In 1919 the Boston Red Sox trained for one season at Plant Field. That spring season was memorable if for no other reason thanon April 4, 1919, then-Boston Red Sox player Babe Ruth hit what is considered to be his longest home run – a 587 feet blast (albeit in an exhibition game).

Tampa Historical Society Plaque Honoring Babe Ruth's 587 Foot Home Run on April 4, 1919

Tampa Historical Society Plaque Honoring Babe Ruth’s 587 Foot Home Run on April 4, 1919

The ball cleared Plant Field and came to rest in an open space near what is now the John Skyes College of Business, which formerly was the City of Tampa Municipal  Auditorium, constructed six years after Babe Ruth hit his mammoth shot. A historic plaque on the University of Tampa campus marks the approximate spot where the ball was found.

John Skyes College of Business (Formerly the City of Tampa Municipal Auditorium Erected in 1925)

John Skyes College of Business (Formerly the City of Tampa Municipal Auditorium Erected in 1925)

According to local newspaper accounts, the ball rolled a considerable distance once it landed. New York Giants Manager John McGraw (his team was playing the Red Sox) is said to have chased down the ball, calling the home run the longest he had ever seen. McGraw presented the ball to the Reverend Billy Sunday, a former ballplayer who was in town for a Christian revival and had thrown out the first pitch that afternoon.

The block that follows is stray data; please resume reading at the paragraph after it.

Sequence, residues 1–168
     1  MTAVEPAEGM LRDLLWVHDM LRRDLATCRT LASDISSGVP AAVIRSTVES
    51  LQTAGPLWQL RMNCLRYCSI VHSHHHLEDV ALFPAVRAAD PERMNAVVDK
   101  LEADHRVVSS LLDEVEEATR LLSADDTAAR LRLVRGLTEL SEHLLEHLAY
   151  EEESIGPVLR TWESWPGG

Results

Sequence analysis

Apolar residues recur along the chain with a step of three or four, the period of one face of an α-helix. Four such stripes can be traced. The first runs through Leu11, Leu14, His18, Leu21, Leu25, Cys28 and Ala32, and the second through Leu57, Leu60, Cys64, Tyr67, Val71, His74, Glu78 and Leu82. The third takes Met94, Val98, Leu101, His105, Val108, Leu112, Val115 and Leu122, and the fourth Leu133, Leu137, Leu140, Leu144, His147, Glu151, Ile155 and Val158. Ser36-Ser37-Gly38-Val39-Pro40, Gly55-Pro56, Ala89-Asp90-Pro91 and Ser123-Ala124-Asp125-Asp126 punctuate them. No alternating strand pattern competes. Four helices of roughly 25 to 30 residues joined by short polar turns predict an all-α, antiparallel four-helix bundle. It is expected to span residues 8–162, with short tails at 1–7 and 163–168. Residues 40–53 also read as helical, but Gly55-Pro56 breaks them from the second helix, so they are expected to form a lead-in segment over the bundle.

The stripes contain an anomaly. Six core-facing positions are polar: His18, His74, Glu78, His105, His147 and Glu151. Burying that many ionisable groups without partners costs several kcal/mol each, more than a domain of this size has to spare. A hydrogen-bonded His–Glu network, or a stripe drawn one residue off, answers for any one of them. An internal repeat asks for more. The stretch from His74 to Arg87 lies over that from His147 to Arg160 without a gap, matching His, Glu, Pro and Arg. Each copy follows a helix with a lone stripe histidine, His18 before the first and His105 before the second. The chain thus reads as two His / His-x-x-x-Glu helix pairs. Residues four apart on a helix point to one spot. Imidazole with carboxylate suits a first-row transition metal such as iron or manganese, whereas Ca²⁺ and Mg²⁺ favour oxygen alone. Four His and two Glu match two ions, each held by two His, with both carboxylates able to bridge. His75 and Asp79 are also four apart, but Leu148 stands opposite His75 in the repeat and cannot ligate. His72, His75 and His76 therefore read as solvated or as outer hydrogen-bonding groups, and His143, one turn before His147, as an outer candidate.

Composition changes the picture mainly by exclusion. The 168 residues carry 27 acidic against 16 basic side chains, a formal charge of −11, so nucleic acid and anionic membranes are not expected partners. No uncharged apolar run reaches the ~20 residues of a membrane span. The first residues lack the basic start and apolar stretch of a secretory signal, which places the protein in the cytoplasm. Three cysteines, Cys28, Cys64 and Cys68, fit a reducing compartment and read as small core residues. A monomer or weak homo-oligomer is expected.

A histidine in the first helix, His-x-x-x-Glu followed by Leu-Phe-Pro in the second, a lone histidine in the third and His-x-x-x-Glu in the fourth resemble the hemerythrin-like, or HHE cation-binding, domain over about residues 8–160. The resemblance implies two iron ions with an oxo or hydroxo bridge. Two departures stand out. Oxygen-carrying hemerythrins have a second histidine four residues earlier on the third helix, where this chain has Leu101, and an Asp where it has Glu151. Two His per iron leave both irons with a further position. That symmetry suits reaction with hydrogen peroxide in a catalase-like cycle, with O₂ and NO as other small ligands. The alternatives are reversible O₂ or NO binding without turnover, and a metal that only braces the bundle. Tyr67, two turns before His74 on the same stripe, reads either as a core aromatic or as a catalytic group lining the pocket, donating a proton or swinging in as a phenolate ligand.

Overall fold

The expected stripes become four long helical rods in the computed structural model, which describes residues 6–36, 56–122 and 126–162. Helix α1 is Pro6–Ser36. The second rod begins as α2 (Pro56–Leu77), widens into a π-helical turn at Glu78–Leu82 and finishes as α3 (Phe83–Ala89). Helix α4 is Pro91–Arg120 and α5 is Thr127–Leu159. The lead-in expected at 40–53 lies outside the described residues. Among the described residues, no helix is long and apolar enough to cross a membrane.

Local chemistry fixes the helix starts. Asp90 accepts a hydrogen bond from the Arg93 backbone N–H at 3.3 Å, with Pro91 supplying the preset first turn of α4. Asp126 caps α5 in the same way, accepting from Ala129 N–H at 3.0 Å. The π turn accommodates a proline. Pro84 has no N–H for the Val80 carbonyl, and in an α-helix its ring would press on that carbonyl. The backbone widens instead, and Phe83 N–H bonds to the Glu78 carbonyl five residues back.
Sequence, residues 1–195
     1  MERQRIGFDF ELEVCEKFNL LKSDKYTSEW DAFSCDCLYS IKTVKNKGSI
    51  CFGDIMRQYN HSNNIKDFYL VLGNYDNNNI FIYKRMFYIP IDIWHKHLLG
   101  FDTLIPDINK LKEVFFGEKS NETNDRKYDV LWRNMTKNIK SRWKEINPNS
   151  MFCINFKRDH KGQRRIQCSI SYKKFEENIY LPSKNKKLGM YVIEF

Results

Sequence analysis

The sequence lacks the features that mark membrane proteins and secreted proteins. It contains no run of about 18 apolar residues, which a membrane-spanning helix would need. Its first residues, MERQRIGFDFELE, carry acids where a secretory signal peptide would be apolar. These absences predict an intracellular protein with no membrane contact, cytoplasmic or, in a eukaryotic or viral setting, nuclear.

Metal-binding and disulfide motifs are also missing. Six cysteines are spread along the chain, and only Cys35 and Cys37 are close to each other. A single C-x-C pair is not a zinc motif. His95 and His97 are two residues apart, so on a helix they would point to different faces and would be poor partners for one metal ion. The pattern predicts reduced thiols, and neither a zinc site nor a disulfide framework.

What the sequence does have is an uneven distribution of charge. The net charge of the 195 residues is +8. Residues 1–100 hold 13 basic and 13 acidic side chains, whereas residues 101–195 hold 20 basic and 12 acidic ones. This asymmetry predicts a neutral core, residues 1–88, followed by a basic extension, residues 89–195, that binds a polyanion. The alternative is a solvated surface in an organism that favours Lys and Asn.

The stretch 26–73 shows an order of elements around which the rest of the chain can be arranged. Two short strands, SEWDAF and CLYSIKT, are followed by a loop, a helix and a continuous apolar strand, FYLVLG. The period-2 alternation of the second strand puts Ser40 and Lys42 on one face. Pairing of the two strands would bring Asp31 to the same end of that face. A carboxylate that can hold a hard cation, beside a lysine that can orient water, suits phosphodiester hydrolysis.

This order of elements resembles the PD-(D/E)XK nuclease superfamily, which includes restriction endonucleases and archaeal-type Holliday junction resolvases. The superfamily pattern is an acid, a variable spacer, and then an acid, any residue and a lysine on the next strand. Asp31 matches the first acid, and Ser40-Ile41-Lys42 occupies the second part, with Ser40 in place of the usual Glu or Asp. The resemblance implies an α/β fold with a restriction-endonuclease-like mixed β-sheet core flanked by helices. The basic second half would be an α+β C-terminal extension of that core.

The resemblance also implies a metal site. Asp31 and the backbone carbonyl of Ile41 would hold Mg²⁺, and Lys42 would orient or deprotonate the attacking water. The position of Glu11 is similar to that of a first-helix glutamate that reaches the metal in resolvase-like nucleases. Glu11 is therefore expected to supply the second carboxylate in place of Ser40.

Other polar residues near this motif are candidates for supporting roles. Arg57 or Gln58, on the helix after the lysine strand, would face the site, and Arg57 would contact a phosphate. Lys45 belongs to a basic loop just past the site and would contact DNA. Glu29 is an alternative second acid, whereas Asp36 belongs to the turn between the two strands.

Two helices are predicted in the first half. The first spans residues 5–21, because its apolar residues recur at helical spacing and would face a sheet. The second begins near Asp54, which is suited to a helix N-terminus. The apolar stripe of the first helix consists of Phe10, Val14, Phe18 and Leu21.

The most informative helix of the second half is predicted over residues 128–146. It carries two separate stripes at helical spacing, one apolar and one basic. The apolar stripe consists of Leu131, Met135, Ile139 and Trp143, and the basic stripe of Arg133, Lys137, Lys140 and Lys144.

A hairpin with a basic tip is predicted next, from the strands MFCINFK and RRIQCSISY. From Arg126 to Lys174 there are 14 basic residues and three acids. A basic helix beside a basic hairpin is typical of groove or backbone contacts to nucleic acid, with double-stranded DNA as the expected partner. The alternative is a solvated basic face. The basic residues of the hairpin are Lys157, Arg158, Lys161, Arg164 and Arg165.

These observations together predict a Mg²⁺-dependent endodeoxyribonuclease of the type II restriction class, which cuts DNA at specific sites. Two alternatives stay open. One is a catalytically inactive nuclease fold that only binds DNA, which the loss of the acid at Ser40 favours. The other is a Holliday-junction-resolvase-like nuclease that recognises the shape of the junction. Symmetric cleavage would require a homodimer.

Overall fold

Aerial Photo Courtesy of University of Tampa, Special Collections, With Direction of Babe Ruth's 587 Foot Home Run

Aerial Photo Courtesy of University of Tampa, Special Collections, With Direction of Babe Ruth’s 587 Foot Home Run

From 1920 to 1929, the Washington Senators trained at Plant Field. The Detroit Tigers trained at Plant Field for one season, in 1930, and the Cincinnati Reds trained at Plant Field from 1931 to 1942 and 1946 to 1954. Beginning in 1955, the Reds continued to train at Plant Field, but played home exhibition games at Al Lopez Field.  The Chicago White Sox also trained at Plant Field for just one season in 1954, before relocating their spring training four miles northeast to Al Lopez Field in 1955. The Reds took over sole occupancy of Al Lopez Field in 1960 when the White Sox moved to a refurbished Payne Park in Sarasota, Florida.

Tampa Florida From The Air Overlooking Hillsborough River and Florida State Fair Grounds, Postcard (Curtechcolor Art Creation, Hillsboro News Co.) (Courtesy of University of Tampa, Special Collections

“Tampa Florida From The Air Overlooking Hillsborough River and Florida State Fair Grounds,” Postcard (Curtechcolor Art Creation, Hillsboro News Co.) (Courtesy of University of Tampa, Special Collections

For much of its existence, Plant Field was co-located on the Florida State Fairgrounds, surrounded by a horse and automobile race track. Plant Field encompassed a significant portion of the southern half of the fairgrounds.